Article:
Another star joining a rival is far from ideal, but the Spurs’ continuity should continue to shine.
The Spurs have been a fixture at the top of the West—no less than a two seed since 2010—but this summer’s shake-up of NBA superstars, with almost all heading or staying in the conference, has left many wondering if San Antonio can remain in that elite class. Houston, Minnesota and Oklahoma City all picked up major pieces, and the latter added to its star count on Saturday by trading Enes Kanter, Doug McDermott and a pick for disgruntled ten-time All-Star Carmelo Anthony.
It’s a splashy move, for sure, and one that adds additional firepower to a team that leaned too much on one superstar. Does it make OKC better than the Warriors? Of course not. And the Spurs and the Rockets should also both be favored for the time being. But it does give the Thunder a better chance to create separation over teams like Minnesota and LAC and join that second tier of West teams, and it should make them more of a threat come playoff time.
The Thunder could struggle early
History says that newly formed ‘superteams’ don’t usually jell right away. We saw it with LeBron’s Heat, the Nash-Howard Lakers, and even early on with last year’s Warriors. Billy Donovan will have to make things work with three ball-dominant players while addressing questions about the big-man rotation (who besides Steven Adams can even try to protect the rim?) and potential issues balancing defense and floor-spacing.
Anthony has never not been a number-one option, outside of Team USA, and it’ll take time to see where he fits on the floor with Westbrook and George. Westbrook famously led the league last year with an absurd 41.6 usage rate, but George and Anthony were also in the top 20. The chemistry won’t be there from day one, and who knows what happens if (when?) personalities clash.
Those challenges should impact their record enough that they don’t surpass San Antonio in the regular season, even if the Spurs themselves are due to take a step back in 2017-18. The Warriors will be amazing, and the Rockets could be great, but it’s still hard to see the Spurs finishing any worse than third in the conference.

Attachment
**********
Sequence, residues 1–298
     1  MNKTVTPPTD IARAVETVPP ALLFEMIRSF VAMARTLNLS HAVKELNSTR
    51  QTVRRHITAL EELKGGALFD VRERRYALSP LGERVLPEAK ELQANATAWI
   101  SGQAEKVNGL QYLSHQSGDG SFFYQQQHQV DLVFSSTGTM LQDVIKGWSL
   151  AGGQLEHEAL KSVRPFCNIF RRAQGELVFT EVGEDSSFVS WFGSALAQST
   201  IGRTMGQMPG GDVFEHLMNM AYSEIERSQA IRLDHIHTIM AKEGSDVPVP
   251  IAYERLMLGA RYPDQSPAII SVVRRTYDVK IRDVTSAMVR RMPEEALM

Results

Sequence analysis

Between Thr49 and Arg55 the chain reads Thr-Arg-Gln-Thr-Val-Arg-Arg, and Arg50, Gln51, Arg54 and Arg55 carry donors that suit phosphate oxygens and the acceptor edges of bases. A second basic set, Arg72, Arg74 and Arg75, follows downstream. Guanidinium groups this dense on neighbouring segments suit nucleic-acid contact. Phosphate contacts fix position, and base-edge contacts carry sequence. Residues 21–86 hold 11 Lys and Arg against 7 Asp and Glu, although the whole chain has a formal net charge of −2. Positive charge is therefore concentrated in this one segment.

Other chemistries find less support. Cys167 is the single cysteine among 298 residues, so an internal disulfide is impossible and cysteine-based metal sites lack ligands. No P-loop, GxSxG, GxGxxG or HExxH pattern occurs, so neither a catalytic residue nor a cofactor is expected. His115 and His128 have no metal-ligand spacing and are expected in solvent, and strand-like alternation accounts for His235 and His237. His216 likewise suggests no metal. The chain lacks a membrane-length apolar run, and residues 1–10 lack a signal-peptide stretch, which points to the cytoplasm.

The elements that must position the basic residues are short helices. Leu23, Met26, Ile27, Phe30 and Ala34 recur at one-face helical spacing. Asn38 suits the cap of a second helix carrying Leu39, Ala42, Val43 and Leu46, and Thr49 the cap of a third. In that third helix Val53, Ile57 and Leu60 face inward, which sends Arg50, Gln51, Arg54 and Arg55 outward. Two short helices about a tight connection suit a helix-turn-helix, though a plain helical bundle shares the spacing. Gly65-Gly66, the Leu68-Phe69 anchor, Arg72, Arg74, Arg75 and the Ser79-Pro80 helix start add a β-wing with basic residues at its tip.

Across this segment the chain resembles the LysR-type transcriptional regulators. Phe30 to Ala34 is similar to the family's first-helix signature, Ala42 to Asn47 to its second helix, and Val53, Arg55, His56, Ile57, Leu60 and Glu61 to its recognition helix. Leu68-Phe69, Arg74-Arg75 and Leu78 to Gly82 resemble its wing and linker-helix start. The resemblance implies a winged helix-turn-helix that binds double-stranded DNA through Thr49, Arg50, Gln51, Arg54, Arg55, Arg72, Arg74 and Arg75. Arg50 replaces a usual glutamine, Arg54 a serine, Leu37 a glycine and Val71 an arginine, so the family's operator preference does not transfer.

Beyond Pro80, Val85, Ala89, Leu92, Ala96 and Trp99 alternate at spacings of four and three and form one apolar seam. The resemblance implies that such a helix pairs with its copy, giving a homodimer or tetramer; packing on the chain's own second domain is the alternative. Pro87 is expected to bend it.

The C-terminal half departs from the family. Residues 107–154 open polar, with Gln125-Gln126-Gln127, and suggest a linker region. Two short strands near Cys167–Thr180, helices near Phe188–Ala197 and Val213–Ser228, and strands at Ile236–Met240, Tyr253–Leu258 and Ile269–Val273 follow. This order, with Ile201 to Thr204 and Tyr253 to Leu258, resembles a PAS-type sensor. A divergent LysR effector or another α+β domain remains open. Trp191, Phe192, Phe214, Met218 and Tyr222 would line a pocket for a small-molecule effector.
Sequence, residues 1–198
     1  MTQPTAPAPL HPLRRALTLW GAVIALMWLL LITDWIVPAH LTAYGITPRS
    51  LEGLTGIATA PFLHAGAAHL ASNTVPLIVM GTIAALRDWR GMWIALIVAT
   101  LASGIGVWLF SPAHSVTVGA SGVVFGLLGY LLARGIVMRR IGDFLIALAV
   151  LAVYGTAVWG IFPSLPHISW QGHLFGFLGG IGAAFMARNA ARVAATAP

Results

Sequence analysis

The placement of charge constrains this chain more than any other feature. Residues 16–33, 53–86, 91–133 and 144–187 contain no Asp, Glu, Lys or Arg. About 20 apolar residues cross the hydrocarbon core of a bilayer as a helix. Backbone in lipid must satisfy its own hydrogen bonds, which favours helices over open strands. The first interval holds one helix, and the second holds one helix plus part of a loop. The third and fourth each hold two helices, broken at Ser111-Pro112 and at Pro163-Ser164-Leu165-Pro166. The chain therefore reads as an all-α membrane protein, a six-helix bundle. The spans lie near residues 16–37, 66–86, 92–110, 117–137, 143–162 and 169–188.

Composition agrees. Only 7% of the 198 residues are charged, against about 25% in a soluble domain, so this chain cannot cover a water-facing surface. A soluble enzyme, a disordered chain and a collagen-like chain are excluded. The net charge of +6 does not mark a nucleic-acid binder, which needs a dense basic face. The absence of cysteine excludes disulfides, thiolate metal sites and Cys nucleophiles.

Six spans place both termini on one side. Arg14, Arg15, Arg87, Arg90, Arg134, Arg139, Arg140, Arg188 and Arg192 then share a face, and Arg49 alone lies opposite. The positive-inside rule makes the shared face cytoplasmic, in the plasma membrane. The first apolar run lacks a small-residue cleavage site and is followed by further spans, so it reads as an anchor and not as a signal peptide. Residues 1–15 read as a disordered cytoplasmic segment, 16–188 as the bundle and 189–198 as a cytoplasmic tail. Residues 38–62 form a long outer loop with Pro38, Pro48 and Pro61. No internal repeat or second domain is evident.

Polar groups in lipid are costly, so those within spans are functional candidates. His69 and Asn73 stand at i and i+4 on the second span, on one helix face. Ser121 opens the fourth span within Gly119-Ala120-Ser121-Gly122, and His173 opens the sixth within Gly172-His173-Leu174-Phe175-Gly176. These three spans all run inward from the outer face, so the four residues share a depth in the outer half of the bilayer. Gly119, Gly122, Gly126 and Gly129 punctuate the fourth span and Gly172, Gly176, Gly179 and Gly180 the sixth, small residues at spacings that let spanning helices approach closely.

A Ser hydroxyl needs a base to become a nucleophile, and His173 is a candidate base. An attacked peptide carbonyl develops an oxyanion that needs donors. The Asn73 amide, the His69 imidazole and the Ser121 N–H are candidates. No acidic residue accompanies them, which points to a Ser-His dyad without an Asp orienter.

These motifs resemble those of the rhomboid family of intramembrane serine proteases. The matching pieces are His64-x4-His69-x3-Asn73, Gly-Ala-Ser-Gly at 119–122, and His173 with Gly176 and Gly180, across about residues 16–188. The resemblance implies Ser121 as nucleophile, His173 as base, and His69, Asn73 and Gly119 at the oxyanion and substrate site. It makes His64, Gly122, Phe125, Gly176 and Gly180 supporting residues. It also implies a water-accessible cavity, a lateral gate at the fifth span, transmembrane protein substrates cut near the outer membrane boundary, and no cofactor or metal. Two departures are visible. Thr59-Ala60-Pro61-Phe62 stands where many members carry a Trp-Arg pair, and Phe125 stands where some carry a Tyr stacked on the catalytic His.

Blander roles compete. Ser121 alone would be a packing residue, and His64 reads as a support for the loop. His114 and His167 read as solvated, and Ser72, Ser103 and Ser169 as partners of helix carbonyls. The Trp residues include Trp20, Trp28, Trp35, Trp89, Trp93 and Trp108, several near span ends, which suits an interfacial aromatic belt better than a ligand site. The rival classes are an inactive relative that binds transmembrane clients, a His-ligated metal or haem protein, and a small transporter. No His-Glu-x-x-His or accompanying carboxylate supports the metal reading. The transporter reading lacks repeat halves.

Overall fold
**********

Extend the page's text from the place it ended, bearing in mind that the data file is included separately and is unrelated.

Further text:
The Spurs’ summer moves have them ready to match up better with teams like OKC
PATFO ended up with singles and doubles instead of the home-run swings that other aspiring contenders connected with. But there are still positive takeaways from what many dismissed as a milquetoast offseason.
First, the team’s vaunted continuity and culture should once again pay dividends. While their new-look opponents figure out their identities, the Spurs should continue to pick up mostly where they left off from last year as a 61-win team that made the Warriors look mortal before calamity struck in Game 1 of the WCFs. With the return of Pau Gasol, Patty Mills and Manu Ginobili, this is a team built to endure the rigors of the regular season as they integrate Rudy Gay and focus on developing its young talents.
Then there’s the fact that the roster, as constructed, should be more versatile and amenable to small ball this season. With only three true bigs on the team (four if you count two-way contract Matt Costello) and the possibility of guys like Kyle Anderson, Davis Bertans and Gay soaking up minutes at the four, the Spurs should be prepared to face off against teams that are deep on the wings and poised to play small, like the Thunder, Rockets and, of course, the Warriors.
We’ll get an early idea of how they match up with Carmelo’s new team on November 17th, when the Thunder visit the Spurs.
Kawhi is your MVP frontrunner
The league’s stars are all gravitating towards each other, including the two guys (Westbrook and James Harden) who finished ahead of Leonard in MVP voting last season. There’s always the chance for a standout year from someone like LeBron James, Anthony Davis or Giannis Antetokounmpo, but the stage certainly appears set for Leonard, who’s the favorite in Vegas, to win his first MVP award.
Source: Pounding The Rock